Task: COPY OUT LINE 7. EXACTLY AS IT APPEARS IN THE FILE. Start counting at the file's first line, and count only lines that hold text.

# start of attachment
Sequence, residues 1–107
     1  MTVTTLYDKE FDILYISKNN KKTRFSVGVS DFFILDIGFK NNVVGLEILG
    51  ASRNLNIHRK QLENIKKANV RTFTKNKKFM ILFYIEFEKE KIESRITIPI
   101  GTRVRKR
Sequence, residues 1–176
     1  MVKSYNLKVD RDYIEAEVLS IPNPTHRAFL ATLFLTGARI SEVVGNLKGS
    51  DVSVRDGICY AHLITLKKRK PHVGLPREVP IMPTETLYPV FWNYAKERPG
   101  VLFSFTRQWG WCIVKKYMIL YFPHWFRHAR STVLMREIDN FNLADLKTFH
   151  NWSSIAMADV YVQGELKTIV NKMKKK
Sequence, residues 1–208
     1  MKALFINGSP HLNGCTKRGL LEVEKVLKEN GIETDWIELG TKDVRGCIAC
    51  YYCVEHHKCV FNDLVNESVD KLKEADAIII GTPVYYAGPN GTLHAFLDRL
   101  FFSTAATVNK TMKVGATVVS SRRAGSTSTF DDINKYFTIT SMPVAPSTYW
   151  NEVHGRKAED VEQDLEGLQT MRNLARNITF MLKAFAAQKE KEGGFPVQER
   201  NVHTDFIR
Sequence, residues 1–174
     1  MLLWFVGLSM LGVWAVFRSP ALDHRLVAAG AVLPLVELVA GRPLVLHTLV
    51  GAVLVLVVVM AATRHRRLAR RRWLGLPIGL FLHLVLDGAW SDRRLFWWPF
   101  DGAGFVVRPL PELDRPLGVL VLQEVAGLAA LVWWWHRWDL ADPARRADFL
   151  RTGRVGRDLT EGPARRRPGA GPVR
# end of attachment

    51  DVSVRDGICY AHLITLKKRK PHVGLPREVP IMPTETLYPV FWNYAKERPG